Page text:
FreeBSD/free Unix-like operating system is advanced computer operating system used for modern computer, desktop and embedded platform. FreeBSD available for all platform include PowerPC and ARM. It is advanced operating system for networking, security and storage, with these advantages make a FreeBSD the platform of choice for many big company, including Apache, Apple, Cisco, Citrix etc.
FreeBSD is derived from BSD, the version of UNIX developed by Berkeley Software Distribution (BSD) and released under BSD License. You can install it for your server, and you can use it too for your primary computer desktop with many Desktop Environment such as Gnome, XFCE, KDE and Mate etc.
in this article will be taught step by step to install FreeBSD on a desktop computer, I use FreeBSD 64 bits with the following specifications :
- Memory 1 GB
- Disk 25 GB
and also continued with a guide to install a desktop environment “Mate” on FreeBSD, so you can use it for your daily activity.
Installing FreeBSD 10.2
1. Download FreeBSD from https://www.freebsd.org/where.html and make a bootable from it. You can use file “.iso” if you want to burn to the CD/DVD, and if you want to make a USB Bootable, you must download “.img” file. If you use ubuntu/other linux distribution, you can use “dd” command to make a FreeBSD usb bootable. I’m here use a USB for media installation, so you can make a bootable by this command :
dd bs=4M if=/file/img/FreeBSD.img of=/dev/sdX && sync
2. When a USB bootable been made, please setting your BIOS to make it boot from a USB flashdisk and then reboot your system, and after that you will see a FreeBSD menu, you can choose number “1″ or just press “Enter“.
This tutorial by user Rajneesh Upadhyay shows us how to install FreeNAS 9.3 on a supported device.
FreeNAS is a Network Attached Storage operating system. It is freeBSD based and support CIFS, NFS, iSCSI, FTP, RSYN along with RAID support. It is a web based, open source and one of the well known central data storage management tool.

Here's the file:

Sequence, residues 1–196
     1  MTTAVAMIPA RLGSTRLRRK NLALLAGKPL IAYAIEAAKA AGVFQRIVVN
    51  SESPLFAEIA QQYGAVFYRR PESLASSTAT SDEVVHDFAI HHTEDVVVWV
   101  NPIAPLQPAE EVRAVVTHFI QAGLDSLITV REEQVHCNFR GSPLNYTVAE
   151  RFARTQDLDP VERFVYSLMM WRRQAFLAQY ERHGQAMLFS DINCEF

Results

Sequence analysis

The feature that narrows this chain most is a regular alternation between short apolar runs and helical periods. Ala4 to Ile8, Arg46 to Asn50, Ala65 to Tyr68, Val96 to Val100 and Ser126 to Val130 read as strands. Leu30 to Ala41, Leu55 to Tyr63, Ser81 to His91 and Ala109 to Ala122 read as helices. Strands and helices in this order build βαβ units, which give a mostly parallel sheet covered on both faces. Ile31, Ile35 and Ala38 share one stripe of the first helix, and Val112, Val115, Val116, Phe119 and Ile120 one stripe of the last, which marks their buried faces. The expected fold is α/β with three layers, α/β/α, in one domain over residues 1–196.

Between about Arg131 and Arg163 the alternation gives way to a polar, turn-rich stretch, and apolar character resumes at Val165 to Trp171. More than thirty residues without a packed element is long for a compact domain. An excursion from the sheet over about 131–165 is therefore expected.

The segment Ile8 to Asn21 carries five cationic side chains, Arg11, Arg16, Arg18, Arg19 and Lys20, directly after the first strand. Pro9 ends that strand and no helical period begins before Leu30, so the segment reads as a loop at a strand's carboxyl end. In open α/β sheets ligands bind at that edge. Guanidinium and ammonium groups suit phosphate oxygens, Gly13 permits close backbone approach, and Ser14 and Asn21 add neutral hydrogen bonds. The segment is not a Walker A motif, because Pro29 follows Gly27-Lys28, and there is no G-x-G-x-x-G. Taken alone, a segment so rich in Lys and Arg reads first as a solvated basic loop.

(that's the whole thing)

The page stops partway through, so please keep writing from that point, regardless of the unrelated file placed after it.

It supports ZFS File systems. ZFS snapshots can be used to create remote backup, or additional snapshot of the same file system can be created incremental. In case of any local disk failure any ZFS snapshot can be sent to the new ZFS file system to recover data.
RAID-Z is a part of RAID in ZFS file system. ZFS file system make sure data integrity throughout. Every file system is verified with checksums from top to bottom.
FreeNAS has a unique feature of data encryption with ZFS file system, which is not available with another Ope Source NAS projects, even a full-volume data encryption is also available. Encrypted volume is readable to FreeNAS only which possess the master key for that particular volume. Optionally pass-phrase can also be used by the user to put an extra layer of security.
You can share data with FreeNAS like a pro. It supports every major operating system with SMB, CIFS (MS Windows), NFS (Unix/Linux), AFP (Apple) along with FTP or iSCSI data sharing methods. Additionally it also supports VMware VAAI, MS ODX, MS Server 2008 and 2012 R2 based Clustering.
Web based Management
Every aspect of FreeNAS can be managed with available Web Based Management system. Everything can be managed with web admin panel including volume creation, user based permission setting or updating software. ssh is also available with FreeNAS.
A lots of third party plugins are also available with FreeNAS to enhance utility of FreeNAS, user can use various applications as per their need.
Some of the available plugins are:
- Bacula – for Network based backup.
- Couchpotato – automatic torrent downloader.
- Crashplan – Backup data to remote server or computers.
- Owncloud – Manage your personal cloud.
A reminder that vBSDcon 2015, hosted by Verisign, is happening on September 11-13 in Reston, Virginia.
Please join us September 11-13, 2015 at the Sheraton in Reston, Virginia for the second biennial vBSDCon event. This exciting weekend will bring together members of the BSD community for a series of roundtable discussions, educational sessions, best practice conversations, and exclusive networking opportunities.
Who Should Attend?